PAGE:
Shortly after the Chevrolet Corvette C8 arrived in 2019, we began to see tons of power upgrades for sale in the aftermarket. However, thanks to a tough ECU, tuning the mid-engined Corvette has proven quite difficult for most. However, Emelia Hartford on YouTube has managed to do it, creating the world’s fastest twin-turbocharged C8.
A new drag race posted on the Hoonigan YouTube channel sees the turbocharged Vette facing off against a Porsche Taycan Turbo S. After several races, we get to see how the present stacks up against what is undoubtedly the future.
Can a twin-turbo Chevrolet Corvette C8 keep up with a Turbo S?
Before we dive into this latest Chevrolet Corvette C8 vs. Porsche Taycan Turbo S drag race, let’s see how they stack up on paper. As mentioned before, this Vette is severely modified with a bespoke twin-turbo system. Based on Hartford’s previous posts on YouTube, we know that this mid-engined sports car develops well over 1,000 hp.
Regardless, this Chevrolet Corvette C8 still features its standard eight-speed dual-clutch transmission. All of that available power goes to the rear wheels exclusively. To make sure this Vette could put the power down, Hartford added stickier tires and smaller drag racing wheels.
In contrast, the Porsche Taycan Turbo S presented in this latest video features no modifications at all. In fact, the driver of this EV boasts about having seat warmers during the various races.
According to Car and Driver, this means we’re looking at an EV with at least 750 hp and 774 lb-ft. Power goes to all four wheels via two electric motors on each axle. This allows the Porsche to reach 60 mph in as little as 2.4 seconds.
Spoiler alert: the turbocharged one wins
To see how the Chevrolet Corvette C8 stacks up against the Porsche Taycan Turbo S, Hoonigan opted to run a few races with varying lengths. The first race spanned 1,000 ft on an unused runway.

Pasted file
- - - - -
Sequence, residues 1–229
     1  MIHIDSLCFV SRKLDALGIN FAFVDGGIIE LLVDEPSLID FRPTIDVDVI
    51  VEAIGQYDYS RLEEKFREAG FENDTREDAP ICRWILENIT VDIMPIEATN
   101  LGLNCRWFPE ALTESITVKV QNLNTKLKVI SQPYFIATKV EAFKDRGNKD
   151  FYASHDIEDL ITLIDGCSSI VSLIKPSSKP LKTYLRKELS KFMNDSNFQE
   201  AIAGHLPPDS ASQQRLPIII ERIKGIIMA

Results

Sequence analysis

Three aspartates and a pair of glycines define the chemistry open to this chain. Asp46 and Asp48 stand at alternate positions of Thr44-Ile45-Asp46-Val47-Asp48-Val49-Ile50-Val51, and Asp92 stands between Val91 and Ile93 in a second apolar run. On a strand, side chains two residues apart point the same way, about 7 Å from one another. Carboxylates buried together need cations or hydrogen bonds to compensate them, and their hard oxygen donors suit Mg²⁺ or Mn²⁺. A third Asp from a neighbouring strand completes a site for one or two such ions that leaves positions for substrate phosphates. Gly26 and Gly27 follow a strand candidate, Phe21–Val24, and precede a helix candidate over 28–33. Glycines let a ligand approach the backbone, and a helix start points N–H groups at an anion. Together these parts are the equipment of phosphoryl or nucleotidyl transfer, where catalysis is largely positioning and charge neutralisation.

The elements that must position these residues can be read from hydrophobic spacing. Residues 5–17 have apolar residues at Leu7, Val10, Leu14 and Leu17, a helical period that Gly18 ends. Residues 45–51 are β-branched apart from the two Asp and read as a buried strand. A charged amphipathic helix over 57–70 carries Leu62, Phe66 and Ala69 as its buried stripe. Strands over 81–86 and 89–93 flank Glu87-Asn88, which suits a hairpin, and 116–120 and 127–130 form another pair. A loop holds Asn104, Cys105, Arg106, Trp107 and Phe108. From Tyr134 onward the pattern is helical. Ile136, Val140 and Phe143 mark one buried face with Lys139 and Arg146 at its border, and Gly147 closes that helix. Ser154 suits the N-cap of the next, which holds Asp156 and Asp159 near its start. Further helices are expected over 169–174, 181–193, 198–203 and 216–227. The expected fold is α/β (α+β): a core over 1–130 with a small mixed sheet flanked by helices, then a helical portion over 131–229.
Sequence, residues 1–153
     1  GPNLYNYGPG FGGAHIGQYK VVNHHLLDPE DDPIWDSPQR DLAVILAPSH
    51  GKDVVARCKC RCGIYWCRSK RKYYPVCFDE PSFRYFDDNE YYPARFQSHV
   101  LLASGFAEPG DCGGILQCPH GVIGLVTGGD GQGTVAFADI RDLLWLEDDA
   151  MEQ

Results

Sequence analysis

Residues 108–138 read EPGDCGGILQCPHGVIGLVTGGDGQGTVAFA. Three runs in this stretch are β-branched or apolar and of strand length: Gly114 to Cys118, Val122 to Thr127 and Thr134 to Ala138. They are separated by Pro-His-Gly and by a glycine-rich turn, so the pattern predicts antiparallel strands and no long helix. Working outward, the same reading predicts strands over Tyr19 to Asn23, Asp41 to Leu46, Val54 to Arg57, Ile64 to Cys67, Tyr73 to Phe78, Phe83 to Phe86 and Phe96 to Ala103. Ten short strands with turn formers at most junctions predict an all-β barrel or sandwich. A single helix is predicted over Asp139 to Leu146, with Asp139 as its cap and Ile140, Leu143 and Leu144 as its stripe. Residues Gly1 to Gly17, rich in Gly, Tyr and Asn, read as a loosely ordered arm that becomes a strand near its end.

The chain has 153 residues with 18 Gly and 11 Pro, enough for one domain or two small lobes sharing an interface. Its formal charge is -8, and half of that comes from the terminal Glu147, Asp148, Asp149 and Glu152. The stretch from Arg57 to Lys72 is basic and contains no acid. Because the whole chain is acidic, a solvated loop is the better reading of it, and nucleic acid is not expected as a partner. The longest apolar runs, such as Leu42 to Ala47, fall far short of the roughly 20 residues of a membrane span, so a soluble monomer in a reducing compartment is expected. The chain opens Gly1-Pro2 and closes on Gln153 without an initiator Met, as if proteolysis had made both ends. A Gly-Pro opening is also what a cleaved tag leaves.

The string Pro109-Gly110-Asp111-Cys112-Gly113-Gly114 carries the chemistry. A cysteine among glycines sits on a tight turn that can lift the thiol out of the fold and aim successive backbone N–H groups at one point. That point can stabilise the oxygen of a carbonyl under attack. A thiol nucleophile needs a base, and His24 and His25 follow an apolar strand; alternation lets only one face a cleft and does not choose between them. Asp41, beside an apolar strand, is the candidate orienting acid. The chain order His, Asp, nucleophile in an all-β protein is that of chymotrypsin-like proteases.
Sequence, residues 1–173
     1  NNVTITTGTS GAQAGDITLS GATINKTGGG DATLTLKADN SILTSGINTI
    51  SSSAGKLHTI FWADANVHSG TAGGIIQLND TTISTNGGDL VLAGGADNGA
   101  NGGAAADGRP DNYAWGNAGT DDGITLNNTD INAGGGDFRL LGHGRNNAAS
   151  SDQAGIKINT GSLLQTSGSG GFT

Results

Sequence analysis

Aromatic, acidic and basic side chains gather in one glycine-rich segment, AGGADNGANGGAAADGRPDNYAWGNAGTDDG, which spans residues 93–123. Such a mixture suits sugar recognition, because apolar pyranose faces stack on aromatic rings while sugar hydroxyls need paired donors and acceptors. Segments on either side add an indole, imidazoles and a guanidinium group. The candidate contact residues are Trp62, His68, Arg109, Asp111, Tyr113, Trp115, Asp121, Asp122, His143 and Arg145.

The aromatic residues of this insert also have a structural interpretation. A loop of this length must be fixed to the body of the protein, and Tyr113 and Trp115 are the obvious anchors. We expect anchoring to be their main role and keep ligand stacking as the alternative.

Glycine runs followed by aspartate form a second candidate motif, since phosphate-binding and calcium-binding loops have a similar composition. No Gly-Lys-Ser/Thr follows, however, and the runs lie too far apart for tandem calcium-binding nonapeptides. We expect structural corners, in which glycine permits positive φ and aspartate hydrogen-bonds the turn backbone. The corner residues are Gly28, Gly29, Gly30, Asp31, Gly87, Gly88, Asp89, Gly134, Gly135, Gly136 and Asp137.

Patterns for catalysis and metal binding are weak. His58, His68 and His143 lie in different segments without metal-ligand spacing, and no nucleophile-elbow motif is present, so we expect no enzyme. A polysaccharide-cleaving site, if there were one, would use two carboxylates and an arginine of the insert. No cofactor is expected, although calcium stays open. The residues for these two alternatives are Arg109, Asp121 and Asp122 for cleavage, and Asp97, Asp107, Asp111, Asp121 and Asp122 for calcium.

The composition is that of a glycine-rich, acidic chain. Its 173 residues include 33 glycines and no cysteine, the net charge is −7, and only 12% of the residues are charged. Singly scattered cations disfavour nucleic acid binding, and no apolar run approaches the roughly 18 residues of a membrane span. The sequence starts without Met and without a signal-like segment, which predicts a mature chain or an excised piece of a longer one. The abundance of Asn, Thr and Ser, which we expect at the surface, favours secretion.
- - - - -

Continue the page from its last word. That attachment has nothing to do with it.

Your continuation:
From the video, you can clearly see that the Porsche gets the jump on the Corvette. Since all of the Taycan’s power comes in at essentially zero rpm, the EV takes off, leaving the Corvette behind. However, as the race nears its end, we see the C8 catching up quite quickly.
The second race favors the Chevrolet Corvette C8 since it is now 1,500 ft. Based on how the Taycan Turbo S delivers its massive power output, it tends to do better off the line but slows down at higher speeds. Given this, the C8 manages to take the lead as the speeds go up, eventually winning the race.
Can you modify an electric car?
In the final race, we see the Chevrolet Corvette C8 and the Turbo S return to the shorter 1,000-ft configuration. Regardless, the C8 managed to take the win after getting a much better launch. While this is undoubtedly a win for internal combustion, it raises some major questions.
While the C8 owner can buy more modifications to gain more speed, there isn’t much the Turbo S owner can do. Since you can’t exactly tune an electric car or add additional electric motors, you’re forever stuck with the standard hp output. Regardless, whether the future is electric or gas-powered, it’ll be fast.